How to Lose Weight, According to a Dietitian

The clickbait is everywhere with snazzy headlines saying “Drop 10 lbs Fast” or “Fit Back into Your Skinny Jeans.” But what if you feel like you have an overwhelming amount of weight to lose and you just don’t know where to start?

You may have tried keto, celery juice, detoxes, low-carb, low-fat—you name it. You might even be pretty good at losing weight—the problem is you can’t seem to keep it off.

If this sounds like you, keep reading.

“Mindset is like 90% of the work.” That’s what my client, Sarah, said to me regarding the 50 pounds she lost and has maintained. I’m sharing tips directly from her on how to get started—and stick with it—when you’re not quite sure where to start on your weight-loss journey.

jamie Vespa

1. Embrace the Long Game

Changing habits requires repeating the new behaviors over the long term, according to 2021 research in Psychology & Health. This includes setting realistic expectations.

A safe, sustainable amount of weight to lose is about 1/2 pound to 2 pounds per week. In reality, however, that might look more like 2 to 3 pounds per week in the beginning, then perhaps 1/2 pound down the next week, then up a pound the next week, then maintaining for a few weeks before dropping a pound again.

Your weight-loss graph will look more like a staircase or a squiggly line than a perfectly straight line. If it’s jumping all over the place, but trending down overall, you’re doing alright.

2. Rely on a Professional to Help

This is not the time to try another detox or strict meal plan that an Instagram influencer is promoting. Those are diets in disguise—they work for the short term but not for the long term.

Long-term weight loss is about small habit changes you can keep up with over time. Those who are successful at losing weight usually work with professionals, typically, a healthcare professional, registered dietitian and therapist.

Yes, a therapist. “I’ve crash dieted and lost 100 pounds before and I was physically thinner but not at all mentally healthier, so patience and persistence and the ability to fall down and get up over and over again are key,” says Sarah. “Also, if you feel you have an eating disorder, like binge eating, seek help from a counselor that specializes in that.”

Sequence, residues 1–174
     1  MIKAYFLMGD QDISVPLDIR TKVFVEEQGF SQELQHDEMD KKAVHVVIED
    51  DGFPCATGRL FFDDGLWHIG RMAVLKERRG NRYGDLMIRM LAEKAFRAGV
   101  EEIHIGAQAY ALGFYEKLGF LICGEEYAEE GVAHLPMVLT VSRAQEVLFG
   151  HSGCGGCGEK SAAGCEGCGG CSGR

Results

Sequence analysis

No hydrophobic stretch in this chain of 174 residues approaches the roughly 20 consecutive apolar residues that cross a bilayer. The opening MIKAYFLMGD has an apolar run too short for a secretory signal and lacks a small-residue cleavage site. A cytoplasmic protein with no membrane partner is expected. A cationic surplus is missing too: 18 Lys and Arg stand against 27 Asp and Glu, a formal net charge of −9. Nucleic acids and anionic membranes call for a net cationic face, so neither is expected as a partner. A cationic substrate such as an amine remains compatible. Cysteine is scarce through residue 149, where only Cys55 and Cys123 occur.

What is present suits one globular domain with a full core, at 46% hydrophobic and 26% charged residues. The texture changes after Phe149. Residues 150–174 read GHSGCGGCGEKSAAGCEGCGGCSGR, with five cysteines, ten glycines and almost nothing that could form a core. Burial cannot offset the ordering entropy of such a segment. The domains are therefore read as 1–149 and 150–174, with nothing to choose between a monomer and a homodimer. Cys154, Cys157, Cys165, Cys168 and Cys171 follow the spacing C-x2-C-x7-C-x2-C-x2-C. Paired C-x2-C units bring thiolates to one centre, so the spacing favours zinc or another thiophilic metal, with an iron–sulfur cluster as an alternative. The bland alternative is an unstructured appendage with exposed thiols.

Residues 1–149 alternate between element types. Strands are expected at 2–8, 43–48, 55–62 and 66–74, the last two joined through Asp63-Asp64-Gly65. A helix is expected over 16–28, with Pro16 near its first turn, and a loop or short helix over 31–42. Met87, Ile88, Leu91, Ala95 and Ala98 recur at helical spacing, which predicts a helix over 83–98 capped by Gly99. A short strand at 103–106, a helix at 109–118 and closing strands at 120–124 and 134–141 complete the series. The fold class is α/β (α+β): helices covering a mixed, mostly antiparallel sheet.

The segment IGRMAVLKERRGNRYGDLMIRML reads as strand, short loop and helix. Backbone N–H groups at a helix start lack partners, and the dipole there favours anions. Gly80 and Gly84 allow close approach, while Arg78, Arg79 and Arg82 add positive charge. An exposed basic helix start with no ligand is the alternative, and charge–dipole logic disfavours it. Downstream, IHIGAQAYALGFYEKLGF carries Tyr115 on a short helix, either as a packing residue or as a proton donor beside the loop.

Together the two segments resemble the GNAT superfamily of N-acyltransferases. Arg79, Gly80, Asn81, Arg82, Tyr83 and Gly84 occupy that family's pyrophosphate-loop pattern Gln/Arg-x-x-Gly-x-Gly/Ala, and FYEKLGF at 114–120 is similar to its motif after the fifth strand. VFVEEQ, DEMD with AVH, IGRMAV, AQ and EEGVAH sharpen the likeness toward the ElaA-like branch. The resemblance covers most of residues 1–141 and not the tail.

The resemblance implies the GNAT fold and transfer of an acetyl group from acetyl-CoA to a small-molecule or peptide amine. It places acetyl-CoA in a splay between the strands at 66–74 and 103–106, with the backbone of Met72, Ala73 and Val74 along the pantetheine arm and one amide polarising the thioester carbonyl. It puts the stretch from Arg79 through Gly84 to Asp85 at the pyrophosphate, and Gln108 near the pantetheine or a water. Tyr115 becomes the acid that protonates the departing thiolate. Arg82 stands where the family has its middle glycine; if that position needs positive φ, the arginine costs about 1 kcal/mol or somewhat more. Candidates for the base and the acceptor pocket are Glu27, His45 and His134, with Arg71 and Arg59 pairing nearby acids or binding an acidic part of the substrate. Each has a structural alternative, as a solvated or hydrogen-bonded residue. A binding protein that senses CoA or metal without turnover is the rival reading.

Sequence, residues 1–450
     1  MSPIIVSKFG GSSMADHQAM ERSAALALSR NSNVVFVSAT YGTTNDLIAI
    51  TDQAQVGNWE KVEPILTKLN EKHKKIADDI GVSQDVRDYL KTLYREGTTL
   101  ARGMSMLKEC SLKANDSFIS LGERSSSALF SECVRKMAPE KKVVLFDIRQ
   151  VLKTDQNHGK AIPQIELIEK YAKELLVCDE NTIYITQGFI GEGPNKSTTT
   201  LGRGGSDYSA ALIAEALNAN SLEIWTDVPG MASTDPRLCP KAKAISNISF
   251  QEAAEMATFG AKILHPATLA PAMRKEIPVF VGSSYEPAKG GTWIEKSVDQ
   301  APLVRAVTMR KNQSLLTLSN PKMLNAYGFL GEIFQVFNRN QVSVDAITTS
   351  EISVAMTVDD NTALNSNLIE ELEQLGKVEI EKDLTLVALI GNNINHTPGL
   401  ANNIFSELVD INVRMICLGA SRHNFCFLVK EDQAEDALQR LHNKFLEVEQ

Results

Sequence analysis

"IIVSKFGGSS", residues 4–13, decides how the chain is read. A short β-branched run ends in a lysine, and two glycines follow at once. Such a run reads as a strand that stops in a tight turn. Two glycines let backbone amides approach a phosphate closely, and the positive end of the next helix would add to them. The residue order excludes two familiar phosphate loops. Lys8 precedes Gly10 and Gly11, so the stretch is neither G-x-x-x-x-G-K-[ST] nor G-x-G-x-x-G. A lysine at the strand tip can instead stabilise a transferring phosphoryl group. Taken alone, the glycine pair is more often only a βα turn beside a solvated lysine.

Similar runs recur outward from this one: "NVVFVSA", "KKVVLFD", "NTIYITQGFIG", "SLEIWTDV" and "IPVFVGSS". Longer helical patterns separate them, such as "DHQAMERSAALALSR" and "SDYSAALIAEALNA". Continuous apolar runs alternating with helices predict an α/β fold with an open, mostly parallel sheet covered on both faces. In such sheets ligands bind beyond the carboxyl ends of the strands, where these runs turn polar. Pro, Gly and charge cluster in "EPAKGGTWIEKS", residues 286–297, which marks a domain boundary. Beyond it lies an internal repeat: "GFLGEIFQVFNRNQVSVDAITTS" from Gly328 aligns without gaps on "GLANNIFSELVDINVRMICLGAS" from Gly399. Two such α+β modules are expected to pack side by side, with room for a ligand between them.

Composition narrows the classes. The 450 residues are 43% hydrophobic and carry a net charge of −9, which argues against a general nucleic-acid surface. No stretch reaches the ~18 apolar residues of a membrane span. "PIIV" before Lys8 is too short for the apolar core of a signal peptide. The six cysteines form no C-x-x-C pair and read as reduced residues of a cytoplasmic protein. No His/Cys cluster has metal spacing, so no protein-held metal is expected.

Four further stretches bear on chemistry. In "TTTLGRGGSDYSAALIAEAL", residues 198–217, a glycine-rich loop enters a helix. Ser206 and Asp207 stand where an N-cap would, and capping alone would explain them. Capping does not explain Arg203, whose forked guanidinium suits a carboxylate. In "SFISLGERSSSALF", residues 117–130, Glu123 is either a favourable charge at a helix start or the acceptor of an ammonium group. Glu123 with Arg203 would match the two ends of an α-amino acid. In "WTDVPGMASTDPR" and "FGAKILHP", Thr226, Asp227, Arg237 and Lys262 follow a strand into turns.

This journey is hard alone. It can also be hard with close friends and family. Healthcare professionals provide two important things: science-based weight-loss recommendations and accountability from someone who isn’t a close friend.

Weekly, or even daily, check-ins are key to help you stay on track. “I think the most important things for me have been getting accountability that best matches my personality, always allowing the 20%, perfecting the art of moving on and always zooming out and focusing on the long game,” reports Sarah.

Many insurance plans cover visits with registered dietitians and therapists, so check with yours to see if your visits may be covered.

3. Adopt the 80/20 Philosophy

So what is the 20% that Sarah mentioned? Think of it as all of the foods you restrict when you’re dieting but eventually end up bingeing on.

Sustainable weight loss is about ditching the all-or-nothing mentality, letting go of the idea that one meal can make or break your efforts and embracing balance. Aim to follow the MyPlate guidelines about 80% of the time throughout the week. That means trying to have at least two meals per day, most days, filling your plate with about one-half of vegetables and fruits, one-quarter of whole grains and one-quarter of protein with some healthy fat.

Then, don’t stress about the rest. It’s “flexible structure.” No guilt allowed.

4. Understand Set Point Theory

The body likes balance. Body temperature stays within a narrow range of 98.6 degrees Fahrenheit. The pH of blood is around 7.4. Your body has a weight range it likes to stay within too: It’s called your set point.

Unfortunately, it’s easier for this range to move up than it is to move down. This is for various reasons scientists are still trying to figure out. For example, a 2022 study in the journal Obesity suggests, like other studies, that weight loss decreases metabolic rate (the number of calories burned at rest). Weight loss has also been shown to increase ghrelin, the hormone that signals hunger, per a 2021 study in NPJ Breast Cancer.

With that said, lowering your set point is not impossible. After all, there are numerous success stories, like the people in the National Weight Control Registry who have lost 30 pounds or more and kept it off for at least one year.